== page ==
The University of Calgary's Hotchkiss Brain Institute acquired a rare collection of over 2,400 neuroscience research books including some over 450 years old last month.
The collection was sold by collector Dr. Robert Gordon, a retired neurologist from Houston Texas, who assembled the texts over the last thirty years. The acquisition of the collection, valued at $600,000, was made possible through the support of philanthropists Brenda and Jamie Mackie. The couple donated half of the amount needed to purchase and digitize the $400,000 collection.
"It's a tremendous resource," explained Thomas Hickerson, vice-provost of libraries and cultural resources. "It brings to Calgary one of the very best collections in the world on the history of the neurosciences."
Jean Fernel's Role of Occult Qualities is the oldest book in the collection, dating back to 1560. Rene Descartes is also represented in the collection with De Homine, published in 1662. Both books were published posthumously due to fears of reprisal from both church and state.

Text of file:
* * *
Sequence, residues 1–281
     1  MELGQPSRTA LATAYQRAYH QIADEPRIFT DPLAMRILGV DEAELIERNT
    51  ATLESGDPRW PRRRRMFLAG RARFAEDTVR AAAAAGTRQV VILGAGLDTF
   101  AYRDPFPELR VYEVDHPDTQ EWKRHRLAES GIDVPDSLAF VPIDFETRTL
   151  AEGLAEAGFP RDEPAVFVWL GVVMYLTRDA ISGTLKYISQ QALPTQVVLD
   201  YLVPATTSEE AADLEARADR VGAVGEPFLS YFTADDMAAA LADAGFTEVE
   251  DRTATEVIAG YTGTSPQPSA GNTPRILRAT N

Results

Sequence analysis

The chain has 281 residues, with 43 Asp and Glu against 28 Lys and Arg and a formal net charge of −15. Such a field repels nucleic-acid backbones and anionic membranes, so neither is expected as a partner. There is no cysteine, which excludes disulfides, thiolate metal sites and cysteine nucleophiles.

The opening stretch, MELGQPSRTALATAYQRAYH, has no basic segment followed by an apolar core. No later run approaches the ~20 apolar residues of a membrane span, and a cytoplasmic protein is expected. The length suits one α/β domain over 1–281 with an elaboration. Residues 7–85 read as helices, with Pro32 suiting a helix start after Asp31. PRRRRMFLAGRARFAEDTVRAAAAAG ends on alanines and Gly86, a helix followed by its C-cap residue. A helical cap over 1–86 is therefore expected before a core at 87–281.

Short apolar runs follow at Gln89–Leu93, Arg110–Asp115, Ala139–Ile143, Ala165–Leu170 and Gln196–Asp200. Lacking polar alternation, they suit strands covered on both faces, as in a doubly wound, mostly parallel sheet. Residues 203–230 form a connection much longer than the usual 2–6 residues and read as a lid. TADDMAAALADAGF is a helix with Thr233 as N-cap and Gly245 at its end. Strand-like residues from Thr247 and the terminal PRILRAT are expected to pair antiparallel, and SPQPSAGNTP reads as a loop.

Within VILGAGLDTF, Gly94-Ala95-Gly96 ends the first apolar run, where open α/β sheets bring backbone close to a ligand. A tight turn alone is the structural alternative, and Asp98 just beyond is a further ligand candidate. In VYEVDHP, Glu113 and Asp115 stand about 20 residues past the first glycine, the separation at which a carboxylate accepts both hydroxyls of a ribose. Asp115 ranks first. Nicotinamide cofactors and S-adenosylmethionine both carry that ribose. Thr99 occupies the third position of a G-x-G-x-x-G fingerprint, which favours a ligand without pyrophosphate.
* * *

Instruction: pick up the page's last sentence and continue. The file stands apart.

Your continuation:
Though some of the authors wrote these texts five hundred years in the past, the U of C argues that their contribution to the history of neuroscience is relevant today.
"This is not just seen as a research resource, although it can support undergraduate and graduate research, but it also seen as part of our basic support, as a library, for the neurosciences," said Hickerson.
The collection will be available to students through the Health Sciences library.
Once the books are digitized, they will be shared with the world.
"One of the fascinating things about this collection is that with technology there are ways that we can interpret and read these books that we don't even know of yet," remarked David Daley, conservator for the archives and special collections.
Technologies like optical character recognition will enable the collection to be cross-examined and cross-indexed with great ease.
The condition of the collection is also part of the appeal. In a collection of this age there is a likelihood that many of the pages will be stained or in disrepair due to improper handling. The U of C sent a staff member to examine the collection before it was purchased.
"These books have long outlived their originators, the people who made them, and they will long outlive us too," observed Daley.
"I think about the fact that some of the books in the collection may well have been handled or read or seen by some of the authors who a century later wrote the next round of studies," said Hickerson.